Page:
The Water Supply and Sanitation Collaborative Council (WSSCC) has called for political commitment and increased funding from all tiers of government to improve water and sanitation hygiene in the country.
The Executive Director of WSSCC, Mr Rolf Luyendijk, made the call in an interview with News Agency of Nigeria (NAN) in Abuja on Wednesday, May 16, 2018.
Luyendijk said that it was saddening that no fewer than 43 per cent of Nigerians still practised open defecation, while more than 43 million people lacked access to toilet facilities.
He said that the country should do more to see that its present commitment to improving the water and sanitation sector translated to increased investment.
The executive director, however, expressed the hope that the proposed Water, Sanitation and Hygiene Fund would go a long way in addressing the perceptible deficiencies in the water and sanitation sector.
He also appealed to all stakeholders to close the gap between the rich and the poor by ensuring equal distribution of water and sanitation facilities.
While commending the Federal Government for its Partnership for Expanded Water, Sanitation and Hygiene programme, Luyendijk said that it was an avenue to meet the Goal Six of the Sustainable Development Goals (SDGs), which focussed on increasing access to water and sanitation.
He noted that population growth was fuelling the continuous practice of open defecation in rural and urban areas.
According to him, the number of people practising open defecation at present was higher than the figure of those who practised it 15 years ago.
Luyendijk underscored the need for more investment in the sector, saying that Nigeria needed thrice its current investment level of $700 million annually, which was inadequate.
“More than 43 million people are practising open defecation and not using the toilets; it’s a big issue.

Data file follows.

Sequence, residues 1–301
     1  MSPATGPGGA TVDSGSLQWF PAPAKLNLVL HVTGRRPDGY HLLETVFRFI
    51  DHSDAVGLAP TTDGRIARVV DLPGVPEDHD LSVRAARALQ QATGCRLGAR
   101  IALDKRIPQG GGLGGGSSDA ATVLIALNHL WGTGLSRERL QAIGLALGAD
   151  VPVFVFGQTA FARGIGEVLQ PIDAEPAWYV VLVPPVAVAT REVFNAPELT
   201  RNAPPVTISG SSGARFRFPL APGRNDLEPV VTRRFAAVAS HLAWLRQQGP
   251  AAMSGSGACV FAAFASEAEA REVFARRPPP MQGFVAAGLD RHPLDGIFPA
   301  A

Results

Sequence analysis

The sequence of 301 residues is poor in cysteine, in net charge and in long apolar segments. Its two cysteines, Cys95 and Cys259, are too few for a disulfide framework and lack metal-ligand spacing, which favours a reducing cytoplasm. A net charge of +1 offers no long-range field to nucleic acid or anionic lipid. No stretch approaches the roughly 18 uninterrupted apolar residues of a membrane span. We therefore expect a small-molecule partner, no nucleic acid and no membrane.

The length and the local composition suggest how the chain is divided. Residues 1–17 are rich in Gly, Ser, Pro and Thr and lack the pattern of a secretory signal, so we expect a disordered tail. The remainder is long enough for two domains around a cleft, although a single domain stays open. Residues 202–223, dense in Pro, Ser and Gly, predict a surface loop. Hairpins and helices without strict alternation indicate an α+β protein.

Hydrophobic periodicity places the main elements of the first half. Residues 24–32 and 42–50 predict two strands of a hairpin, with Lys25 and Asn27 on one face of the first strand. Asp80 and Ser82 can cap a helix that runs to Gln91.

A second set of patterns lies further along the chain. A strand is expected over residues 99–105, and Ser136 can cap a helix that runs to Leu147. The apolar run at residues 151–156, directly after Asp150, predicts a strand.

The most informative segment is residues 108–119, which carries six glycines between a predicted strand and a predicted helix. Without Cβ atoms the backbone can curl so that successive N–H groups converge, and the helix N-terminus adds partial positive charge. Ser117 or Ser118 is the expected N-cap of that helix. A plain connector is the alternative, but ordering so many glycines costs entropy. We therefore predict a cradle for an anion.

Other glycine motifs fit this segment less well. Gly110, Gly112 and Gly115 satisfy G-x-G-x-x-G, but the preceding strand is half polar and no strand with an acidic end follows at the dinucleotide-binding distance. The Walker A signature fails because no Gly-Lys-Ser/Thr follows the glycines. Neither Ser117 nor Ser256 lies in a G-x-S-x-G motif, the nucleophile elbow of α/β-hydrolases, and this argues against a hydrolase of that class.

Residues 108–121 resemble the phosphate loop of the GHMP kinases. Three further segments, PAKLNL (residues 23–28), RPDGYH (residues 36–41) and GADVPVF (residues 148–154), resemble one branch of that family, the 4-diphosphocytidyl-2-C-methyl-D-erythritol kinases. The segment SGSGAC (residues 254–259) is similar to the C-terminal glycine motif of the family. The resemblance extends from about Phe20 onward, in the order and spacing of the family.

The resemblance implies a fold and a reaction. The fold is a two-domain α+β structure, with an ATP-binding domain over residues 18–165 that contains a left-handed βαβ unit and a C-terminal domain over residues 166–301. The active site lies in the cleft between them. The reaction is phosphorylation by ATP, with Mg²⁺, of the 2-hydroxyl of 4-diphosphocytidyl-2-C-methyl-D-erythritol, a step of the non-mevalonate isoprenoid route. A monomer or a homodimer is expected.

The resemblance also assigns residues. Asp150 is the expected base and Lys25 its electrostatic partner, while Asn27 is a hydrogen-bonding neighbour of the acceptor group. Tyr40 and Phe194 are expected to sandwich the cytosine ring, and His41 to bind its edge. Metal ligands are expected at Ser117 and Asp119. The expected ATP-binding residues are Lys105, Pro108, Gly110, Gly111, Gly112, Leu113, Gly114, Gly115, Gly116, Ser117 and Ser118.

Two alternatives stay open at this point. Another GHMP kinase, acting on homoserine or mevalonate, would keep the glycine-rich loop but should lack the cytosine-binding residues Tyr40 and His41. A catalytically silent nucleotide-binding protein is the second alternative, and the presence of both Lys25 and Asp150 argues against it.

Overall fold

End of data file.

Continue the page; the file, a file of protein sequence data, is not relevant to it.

“Do you know how much shit (faeces) that is every day, even around the communities, and what that does to the people’s health, particularly the children’s health,’’ he said.
According to him, expanding the people’s access to sanitation and hygiene remains crucial in breaking the poverty cycle.
Luyendijk said that poor health and loss of income were kindled by the dearth of water, sanitation and hygiene (WASH) facilities in countries.
“It is absolutely critical; think of how critical it is in an emergency situation when there are displaced persons.
“The very first response that people do is to provide water and sanitation; this is because it will prevent an already bad situation from deteriorating.
“Water supply and sanitation are so key to people’s health and well-being; if we don’t have that in place, it breeds sickness, causing huge health expenditure and poverty for families,’’ he said.
Luyendijk called for more commitment from all tiers of government in formulating policies and programmes that were aimed at improving the lives of the populace.
WSSCC is a United Nations (UN) membership organisation that advocates improved sanitation and hygiene for the most vulnerable and marginalised people around the world.
WSSCC facilitates multi-stakeholder collaboration around sanitation and contributes to the goals of the international community on poverty eradication, health and environmental improvement, gender equality and long-term socio-economic development.
By Tosin Kolade